Historical Highline: Trail Offers Views Of Rim Country, Past And Present

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Whether you're new to the Payson area or just visiting, the Highline Trail offers an opportunity to explore a popular portion of the Rim Country. Beginning on the west end at the Pine Trailhead, just south of the town of Pine, the Highline Trail continues east along the Mogollon Rim for more than 50 miles until it reaches its other terminus at the 260 Trailhead.

This trail offers access to every type of terrain and vegetation found along the base of the Rim, everything from scrub oak intermixed with a variety of junipers, a scattering of dense chaparral, all the way to park-like stands of tall ponderosa pines.

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A Piece of the Highline Trail
Length: 6.3 miles one way
Altitude at trailhead: 6,650 feet
Difficulty: Easy
Best time to visit: Year-round (weather permitting)
Maps: Tonto National Forest
Dane Canyon and Promontory Butte Topos

It is somewhat of a transition zone of vegetation, where the rolling hills of the Payson area come in contact with the dense forest of pines found on the Colorado Plateau above. An escarpment of the plateau, the Rim is a point of demarcation where east truly meets west.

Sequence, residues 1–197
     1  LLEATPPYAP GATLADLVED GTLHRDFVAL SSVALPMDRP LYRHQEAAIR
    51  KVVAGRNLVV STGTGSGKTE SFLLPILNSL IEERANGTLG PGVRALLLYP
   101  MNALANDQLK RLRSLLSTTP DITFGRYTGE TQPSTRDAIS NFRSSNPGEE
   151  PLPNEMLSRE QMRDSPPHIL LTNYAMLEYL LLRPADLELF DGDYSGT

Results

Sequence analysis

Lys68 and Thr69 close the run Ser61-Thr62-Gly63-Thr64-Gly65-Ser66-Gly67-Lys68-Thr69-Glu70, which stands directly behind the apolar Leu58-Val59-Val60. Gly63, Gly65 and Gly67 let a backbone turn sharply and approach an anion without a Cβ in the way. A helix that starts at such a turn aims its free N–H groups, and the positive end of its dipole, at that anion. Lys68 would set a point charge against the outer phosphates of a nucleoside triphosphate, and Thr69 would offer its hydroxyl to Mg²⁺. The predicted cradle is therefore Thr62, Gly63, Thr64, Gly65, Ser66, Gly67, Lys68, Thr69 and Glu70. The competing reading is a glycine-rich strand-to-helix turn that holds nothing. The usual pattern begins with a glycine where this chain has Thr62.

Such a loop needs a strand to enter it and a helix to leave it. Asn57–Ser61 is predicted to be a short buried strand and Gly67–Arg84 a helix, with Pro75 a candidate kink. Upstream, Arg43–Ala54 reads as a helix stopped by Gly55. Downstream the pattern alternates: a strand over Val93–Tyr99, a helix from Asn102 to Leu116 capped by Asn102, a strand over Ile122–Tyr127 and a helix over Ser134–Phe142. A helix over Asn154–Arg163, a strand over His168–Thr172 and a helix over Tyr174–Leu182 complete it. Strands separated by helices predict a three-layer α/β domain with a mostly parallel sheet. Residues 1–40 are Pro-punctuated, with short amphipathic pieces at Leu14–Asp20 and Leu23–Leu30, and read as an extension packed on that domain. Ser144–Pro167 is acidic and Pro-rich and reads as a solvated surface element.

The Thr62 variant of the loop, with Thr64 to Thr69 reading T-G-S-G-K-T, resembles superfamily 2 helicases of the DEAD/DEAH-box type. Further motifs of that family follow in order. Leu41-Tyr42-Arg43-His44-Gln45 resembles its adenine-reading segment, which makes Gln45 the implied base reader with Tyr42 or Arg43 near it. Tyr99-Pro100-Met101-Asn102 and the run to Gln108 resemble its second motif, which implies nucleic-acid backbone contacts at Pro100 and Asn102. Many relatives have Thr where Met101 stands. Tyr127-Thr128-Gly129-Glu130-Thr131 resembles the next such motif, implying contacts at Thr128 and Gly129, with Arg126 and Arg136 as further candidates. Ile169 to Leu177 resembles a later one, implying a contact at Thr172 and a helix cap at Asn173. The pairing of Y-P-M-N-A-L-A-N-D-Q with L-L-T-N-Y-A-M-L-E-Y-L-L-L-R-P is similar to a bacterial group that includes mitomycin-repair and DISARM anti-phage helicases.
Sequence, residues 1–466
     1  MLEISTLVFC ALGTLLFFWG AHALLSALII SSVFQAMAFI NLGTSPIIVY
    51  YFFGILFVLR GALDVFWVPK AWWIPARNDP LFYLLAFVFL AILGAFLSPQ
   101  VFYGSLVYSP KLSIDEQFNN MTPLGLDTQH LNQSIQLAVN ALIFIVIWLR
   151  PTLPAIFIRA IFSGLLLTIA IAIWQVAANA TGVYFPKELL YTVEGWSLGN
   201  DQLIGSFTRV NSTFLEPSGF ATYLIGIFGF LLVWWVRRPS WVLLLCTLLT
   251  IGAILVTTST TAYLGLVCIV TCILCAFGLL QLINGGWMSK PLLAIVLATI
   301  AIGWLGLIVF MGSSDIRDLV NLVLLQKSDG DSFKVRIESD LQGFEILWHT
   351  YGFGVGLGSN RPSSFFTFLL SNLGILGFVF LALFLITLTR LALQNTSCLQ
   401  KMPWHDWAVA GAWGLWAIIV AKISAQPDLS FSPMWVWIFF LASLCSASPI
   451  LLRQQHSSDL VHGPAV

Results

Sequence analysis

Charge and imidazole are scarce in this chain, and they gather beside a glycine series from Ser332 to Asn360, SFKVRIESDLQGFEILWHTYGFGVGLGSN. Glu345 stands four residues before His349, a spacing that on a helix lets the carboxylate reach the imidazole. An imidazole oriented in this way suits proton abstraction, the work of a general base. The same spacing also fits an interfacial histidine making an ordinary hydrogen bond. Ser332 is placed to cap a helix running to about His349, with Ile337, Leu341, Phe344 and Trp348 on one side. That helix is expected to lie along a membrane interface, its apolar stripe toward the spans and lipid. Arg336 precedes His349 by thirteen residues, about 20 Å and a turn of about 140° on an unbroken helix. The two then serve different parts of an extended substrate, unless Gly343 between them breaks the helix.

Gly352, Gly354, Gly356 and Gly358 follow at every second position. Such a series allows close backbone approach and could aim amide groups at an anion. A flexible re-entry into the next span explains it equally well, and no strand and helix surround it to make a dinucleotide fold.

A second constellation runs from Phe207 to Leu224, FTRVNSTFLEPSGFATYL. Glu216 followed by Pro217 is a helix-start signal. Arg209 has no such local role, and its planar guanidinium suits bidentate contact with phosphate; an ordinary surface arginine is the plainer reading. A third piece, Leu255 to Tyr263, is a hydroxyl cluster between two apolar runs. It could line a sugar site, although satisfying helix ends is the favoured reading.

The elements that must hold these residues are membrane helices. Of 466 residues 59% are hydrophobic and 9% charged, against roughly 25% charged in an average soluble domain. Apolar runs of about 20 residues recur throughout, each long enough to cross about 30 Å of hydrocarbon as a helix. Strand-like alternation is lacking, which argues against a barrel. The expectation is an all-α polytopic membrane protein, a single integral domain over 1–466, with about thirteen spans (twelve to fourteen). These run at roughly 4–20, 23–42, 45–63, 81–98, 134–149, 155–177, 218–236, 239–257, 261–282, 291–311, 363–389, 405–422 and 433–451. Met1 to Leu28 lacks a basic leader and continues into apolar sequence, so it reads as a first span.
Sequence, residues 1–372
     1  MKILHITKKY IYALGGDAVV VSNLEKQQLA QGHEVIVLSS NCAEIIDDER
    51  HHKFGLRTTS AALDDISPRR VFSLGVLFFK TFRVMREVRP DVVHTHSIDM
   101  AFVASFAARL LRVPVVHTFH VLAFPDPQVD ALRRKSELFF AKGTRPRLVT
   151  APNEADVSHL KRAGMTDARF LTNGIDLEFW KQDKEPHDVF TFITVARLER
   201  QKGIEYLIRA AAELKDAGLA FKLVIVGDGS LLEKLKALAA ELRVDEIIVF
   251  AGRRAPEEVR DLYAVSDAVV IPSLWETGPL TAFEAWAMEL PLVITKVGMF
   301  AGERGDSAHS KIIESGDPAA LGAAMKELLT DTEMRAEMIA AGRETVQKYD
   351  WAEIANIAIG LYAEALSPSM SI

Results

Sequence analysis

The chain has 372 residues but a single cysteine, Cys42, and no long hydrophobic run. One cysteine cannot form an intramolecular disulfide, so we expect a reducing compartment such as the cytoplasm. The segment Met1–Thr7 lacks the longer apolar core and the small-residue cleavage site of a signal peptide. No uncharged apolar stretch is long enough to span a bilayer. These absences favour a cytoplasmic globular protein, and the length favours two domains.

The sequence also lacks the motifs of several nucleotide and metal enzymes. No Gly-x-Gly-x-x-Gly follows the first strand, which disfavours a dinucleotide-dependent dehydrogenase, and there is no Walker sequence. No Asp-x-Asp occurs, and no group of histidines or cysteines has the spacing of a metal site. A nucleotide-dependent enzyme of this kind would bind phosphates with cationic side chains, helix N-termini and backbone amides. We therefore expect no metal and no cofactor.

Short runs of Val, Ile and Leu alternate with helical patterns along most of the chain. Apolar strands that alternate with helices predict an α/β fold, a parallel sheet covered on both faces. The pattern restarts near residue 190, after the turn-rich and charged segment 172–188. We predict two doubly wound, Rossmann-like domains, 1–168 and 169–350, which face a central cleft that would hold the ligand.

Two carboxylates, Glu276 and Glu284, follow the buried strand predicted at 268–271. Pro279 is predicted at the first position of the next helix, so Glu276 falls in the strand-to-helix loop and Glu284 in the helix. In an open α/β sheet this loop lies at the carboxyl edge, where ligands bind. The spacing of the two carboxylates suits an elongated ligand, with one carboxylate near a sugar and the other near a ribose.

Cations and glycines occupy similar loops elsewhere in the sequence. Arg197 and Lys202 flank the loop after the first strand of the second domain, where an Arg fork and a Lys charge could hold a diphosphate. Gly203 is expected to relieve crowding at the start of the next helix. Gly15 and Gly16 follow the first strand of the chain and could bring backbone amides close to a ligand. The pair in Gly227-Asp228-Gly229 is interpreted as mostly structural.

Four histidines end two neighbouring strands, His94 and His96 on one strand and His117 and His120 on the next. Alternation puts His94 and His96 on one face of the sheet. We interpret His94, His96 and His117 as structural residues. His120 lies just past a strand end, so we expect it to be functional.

Historically linked to the area, the Highline Trail was an important route of travel for pioneers, homesteaders and local Indian tribes when it came into being in the early 1800s. Many of the small communities found along it owe, in part, their existence to the trail and its connection to the outside world.

In 1990, over 20 miles of the trail were in the path of the Dude Fire and much of that part of the trail continues to show signs of the subsequent damage incurred. Today, the vegetation is slowly reclaiming most of it.

Starting at the 260 Trailhead, the trail meanders through a densely forested area just above highway. Within .25 miles, however, it begins to move farther up the face of the Rim and the sounds of traffic are quickly replaced with the solitude this area provides. The trail passes by a number of very old alligator junipers that stand both as sentinels and guides that mark the trail's route.